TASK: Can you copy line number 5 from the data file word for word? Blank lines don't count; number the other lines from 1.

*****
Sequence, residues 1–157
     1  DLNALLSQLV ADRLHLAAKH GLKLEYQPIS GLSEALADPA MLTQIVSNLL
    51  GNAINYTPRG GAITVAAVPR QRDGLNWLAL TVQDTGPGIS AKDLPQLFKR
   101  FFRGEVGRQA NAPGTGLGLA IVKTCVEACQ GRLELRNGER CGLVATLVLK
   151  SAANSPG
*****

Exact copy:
   151  SAANSPG